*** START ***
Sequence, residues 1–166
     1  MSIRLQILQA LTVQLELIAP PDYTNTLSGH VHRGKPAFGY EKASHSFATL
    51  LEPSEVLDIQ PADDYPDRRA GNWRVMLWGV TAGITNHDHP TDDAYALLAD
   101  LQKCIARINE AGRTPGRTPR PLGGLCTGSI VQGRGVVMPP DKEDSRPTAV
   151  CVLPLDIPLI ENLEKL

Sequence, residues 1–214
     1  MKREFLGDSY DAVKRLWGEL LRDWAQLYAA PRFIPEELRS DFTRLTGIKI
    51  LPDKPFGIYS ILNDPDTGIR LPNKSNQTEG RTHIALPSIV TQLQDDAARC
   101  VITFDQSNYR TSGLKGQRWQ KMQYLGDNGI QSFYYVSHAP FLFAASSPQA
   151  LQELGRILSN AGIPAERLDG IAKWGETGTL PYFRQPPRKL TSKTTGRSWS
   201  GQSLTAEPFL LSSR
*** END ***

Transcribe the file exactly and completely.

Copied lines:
Sequence, residues 1–166
     1  MSIRLQILQA LTVQLELIAP PDYTNTLSGH VHRGKPAFGY EKASHSFATL
    51  LEPSEVLDIQ PADDYPDRRA GNWRVMLWGV TAGITNHDHP TDDAYALLAD
   101  LQKCIARINE AGRTPGRTPR PLGGLCTGSI VQGRGVVMPP DKEDSRPTAV
   151  CVLPLDIPLI ENLEKL

Sequence, residues 1–214
     1  MKREFLGDSY DAVKRLWGEL LRDWAQLYAA PRFIPEELRS DFTRLTGIKI
    51  LPDKPFGIYS ILNDPDTGIR LPNKSNQTEG RTHIALPSIV TQLQDDAARC
   101  VITFDQSNYR TSGLKGQRWQ KMQYLGDNGI QSFYYVSHAP FLFAASSPQA
   151  LQELGRILSN AGIPAERLDG IAKWGETGTL PYFRQPPRKL TSKTTGRSWS
   201  GQSLTAEPFL LSSR